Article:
A Killer Stitch is #4 in Maggie Sefton’s Knitting Series. It’s almost Christmas and Kelly is settling into her new home in Fort Connor, Colorado. Mone...moreA Killer Stitch is #4 in Maggie Sefton’s Knitting Series. It’s almost Christmas and Kelly is settling into her new home in Fort Connor, Colorado. Money is coming in from her Wyoming ranch and her accounting consulting work is keeping her busy, but a pall hangs over the festive spirit at the House of Lambspun. An alpaca ranchers death in Bellvue Canyon has the knitting regulars concerned. Diane, friend of Jennifer - and Kelly’s friend - is under suspicion of murder. But it doesn’t stop there, the group finds out Lucy, the spinning instructor, is pregnant with the dead man’s child. Jennifer is convinced Diane didn’t do it. Kelly thinks Lucy is hiding something more. Once again, Kelly finds herself unraveling a murder while trying to ignore Steve’s amorous advances, putting a bid in on Geri’s ranch (from Book 2), knit, work, play tennis for a charity event, helping Jayleen with a charitable children’s Christmas party and drinking her numerous cups of coffee.
I felt this one was pretty good. I’m still convinced there are way too many characters - especially when the author starts introducing “outside” characters - friends of friends. I still applaud Sefton’s knack of bringing the murder to Kelly with witness present (lately Burt, the retired detective) rather than having our heroine rushing off alone to her great peril. I am getting tired of Kelly not acknowledging Steve’s romantic intent, though in this one his intent was more difficult to ignore. My guess is a marriage proposal is but a couple books away. So while the book has its quirks, I am still interested enough to keep reading the series. (less)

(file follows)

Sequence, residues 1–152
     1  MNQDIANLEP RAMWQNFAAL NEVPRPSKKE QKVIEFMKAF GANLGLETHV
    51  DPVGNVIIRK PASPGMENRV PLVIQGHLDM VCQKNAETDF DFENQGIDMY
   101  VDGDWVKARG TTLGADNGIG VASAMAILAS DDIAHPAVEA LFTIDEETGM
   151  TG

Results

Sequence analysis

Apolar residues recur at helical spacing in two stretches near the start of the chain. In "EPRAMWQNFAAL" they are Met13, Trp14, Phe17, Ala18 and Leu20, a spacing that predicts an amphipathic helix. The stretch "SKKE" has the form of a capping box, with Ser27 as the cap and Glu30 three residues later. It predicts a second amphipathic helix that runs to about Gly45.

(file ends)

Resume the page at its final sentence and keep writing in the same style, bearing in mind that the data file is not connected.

This is book one in the Needlecraft Mystery Series and this series came recommended by one of my fellow scifi book group members.
This was another bra...moreThis is book one in the Needlecraft Mystery Series and this series came recommended by one of my fellow scifi book group members.
This was another brain-candy, light mystery. I was particularly partial to the Twin Cities setting being from there myself and could follow the streets and highways and places. However, I was a little disappointed in that I figured out "who done it" almost immediately, but since I liked the characters, it wasn't hard to keep turning the pages. Another good beach or vacation book.
Theodosia finds herself tangled in another murder, finding the body of her ex-boy friend’s sister on a steeple chase course. It doesn’t help that she...moreTheodosia finds herself tangled in another murder, finding the body of her ex-boy friend’s sister on a steeple chase course. It doesn’t help that she had a rip-roaring fight with the now deceased TV anchor several months ago in front of witnesses. Theo is drawn further in the web of intrigue when Jory – the ex-boy friend – show’s up at her tea shop, asking her to help solve Abby’s murder. Soon after, Detective Burt Tidwell also puts in an appearance to ask the same thing.
Theodosia’s snooping takes her down to Savannah, out into the low country to the Mobley Plantation, and to and Italian Masked Ball. But the big question throughout the book, is how will she afford to buy the Carriage House Cottage of her dreams down by the Battery? (Which, having just been to Charleston, SC, and seen how MUCH it costs to live in the Historic District, is indeed a very good question.) Like I said, a very quick read. I am finding Childs conclusions a bit to pat and to quick – I think the resolutions could be fleshed out just a bit more. I always feel like there could be just a bit more explanation at the end – one more chapter to wrap things up after the “climatic capture of the criminal”. I did find myself being jarred out of the story once – Theo is zooming around the salt marsh on a Ski-Doo (which I have issues with for environmental reasons, but that aside), “Overhead, a pileated woodpecker drilled noisily into a tree and…” Ahh…no. Between the sound of the Ski-doo and the wind in one’s ears, a person is NOT going to hear even a pileated.